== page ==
A robot has for the first time carried out fully autonomous surgery on a live subject: an intestinal anastomosis on a pig, during which two loops of intestine were stitched together. Four surgeries were carried out and all the subjects survived without complications.
Detailed in a paper in Science Translational Medicine, the Smart Tissue Autonomous Robot (STAR) was created by a team of surgeons and scientists at the Sheikh Zayed Institute for Pediatric Surgical Innovation at the USA's Children's National Health System in Washington, DC. As well as live (in vivo) surgery, STAR also carried out surgeries on inanimate (ex vivo) porcine tissue, including both intestinal anastomosis and linear suturing.
When compared to the intestinal anastomosis procedures carried out both manually by experienced surgeons and with existing robot-assisted surgical techniques using the daVinci Surgical System, STAR was found to outperform both in terms of surgical quality. The results of the procedures were assessed on factors such as "consistent suture spacing, which helps to promote healing, and in withstanding higher leak pressures, as leakage can be a significant complication from anastomosis surgery".
However, STAR currently takes longer than a surgeon working manually: 35 minutes, to a human's eight minutes. Its time is comparable to the time it takes humans to carry out laparoscopic intestinal anastomosis – keyhole surgery that relies on tiny cameras to track progress and haptic feedback instruments to do the suturing.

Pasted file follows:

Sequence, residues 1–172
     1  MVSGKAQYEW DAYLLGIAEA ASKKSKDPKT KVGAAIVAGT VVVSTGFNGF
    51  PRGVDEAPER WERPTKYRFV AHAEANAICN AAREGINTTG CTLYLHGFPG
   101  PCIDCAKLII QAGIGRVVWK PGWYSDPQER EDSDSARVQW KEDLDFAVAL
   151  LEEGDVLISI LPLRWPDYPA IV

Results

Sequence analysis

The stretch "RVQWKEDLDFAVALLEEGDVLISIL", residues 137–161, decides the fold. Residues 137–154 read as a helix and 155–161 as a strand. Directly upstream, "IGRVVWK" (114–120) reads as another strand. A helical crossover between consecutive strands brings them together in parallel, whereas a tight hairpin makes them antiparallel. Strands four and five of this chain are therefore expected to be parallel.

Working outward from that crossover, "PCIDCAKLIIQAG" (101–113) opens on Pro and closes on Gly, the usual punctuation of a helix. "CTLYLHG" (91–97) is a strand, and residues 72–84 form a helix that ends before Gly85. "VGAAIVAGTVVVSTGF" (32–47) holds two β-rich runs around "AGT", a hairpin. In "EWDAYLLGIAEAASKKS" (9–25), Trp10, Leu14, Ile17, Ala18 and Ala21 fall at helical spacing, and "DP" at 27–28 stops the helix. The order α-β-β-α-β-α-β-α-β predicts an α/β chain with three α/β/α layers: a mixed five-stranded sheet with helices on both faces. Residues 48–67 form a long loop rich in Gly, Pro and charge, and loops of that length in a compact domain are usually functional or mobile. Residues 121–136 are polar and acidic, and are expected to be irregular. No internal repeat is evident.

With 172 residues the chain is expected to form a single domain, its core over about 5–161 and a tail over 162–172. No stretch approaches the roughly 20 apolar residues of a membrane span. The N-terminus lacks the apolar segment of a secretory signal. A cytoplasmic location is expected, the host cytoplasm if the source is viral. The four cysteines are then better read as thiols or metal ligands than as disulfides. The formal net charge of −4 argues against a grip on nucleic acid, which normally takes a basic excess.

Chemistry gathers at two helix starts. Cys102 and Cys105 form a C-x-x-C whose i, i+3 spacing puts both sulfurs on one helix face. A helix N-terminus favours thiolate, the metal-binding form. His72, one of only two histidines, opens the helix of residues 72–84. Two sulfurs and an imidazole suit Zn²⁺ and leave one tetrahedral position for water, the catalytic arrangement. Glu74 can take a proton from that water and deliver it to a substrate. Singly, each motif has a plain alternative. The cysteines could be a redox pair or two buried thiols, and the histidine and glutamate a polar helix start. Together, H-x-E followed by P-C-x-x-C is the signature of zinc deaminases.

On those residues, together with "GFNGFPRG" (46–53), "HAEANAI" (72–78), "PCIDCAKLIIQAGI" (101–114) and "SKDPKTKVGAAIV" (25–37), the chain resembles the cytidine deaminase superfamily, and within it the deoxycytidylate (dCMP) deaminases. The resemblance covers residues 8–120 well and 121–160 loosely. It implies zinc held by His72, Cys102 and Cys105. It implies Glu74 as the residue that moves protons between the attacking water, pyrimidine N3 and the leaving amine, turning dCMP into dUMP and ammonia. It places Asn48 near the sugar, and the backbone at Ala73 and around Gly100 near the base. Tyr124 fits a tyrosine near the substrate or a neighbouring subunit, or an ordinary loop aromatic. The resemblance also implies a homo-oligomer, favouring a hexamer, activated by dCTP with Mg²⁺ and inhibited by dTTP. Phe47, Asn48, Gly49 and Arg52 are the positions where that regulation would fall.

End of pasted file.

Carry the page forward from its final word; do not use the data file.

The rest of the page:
Dr Peter C. Kim said that "the intent of this demonstration is not to replace surgeons, but to expand human capacity and capability through enhanced vision, dexterity and complementary machine intelligence for improved surgical outcomes." STAR is designed to improve the accuracy of always-challenging soft tissue surgery, allowing a human surgeon to invest their expertise by supervising the procedure and interrupting if necessary, while the robot plans and performs the soft tissue sutures.
Technical lead Axel Krieger says that "by using novel tissue tracking and applied force measurement, coupled with suture automation software, our robotic system can detect arbitrary tissue motions in real time and automatically adjust." Until STAR's development, says Krieger, "autonomous robot surgery has been limited to applications with rigid anatomy, such as bone cutting, because they are more predictable."
STAR tracks the position of flexible soft tissues using near infrared florescent (NIRF) markers applied to the areas it needs to suture, monitored by a camera system that's able to see in three dimensions. An intelligent algorithm guides the robot's surgical plan and allows it to autonomously adjust and react in real time as tissue moves. It also has finely calibrated force sensors and actuators and an articulated laparoscopic suturing tool with eight degrees of movement – one more than the human arm, according to Science, which also provides video footage of the robot performing surgery on inanimate tissue.
Dr Kim says that the next step in STAR's development will be to create improved sensors and further miniaturise the tools used by the robot. He says that, if the team can find a suitable partner to develop the technology, we could be seeing it in clinical use in as little as two years.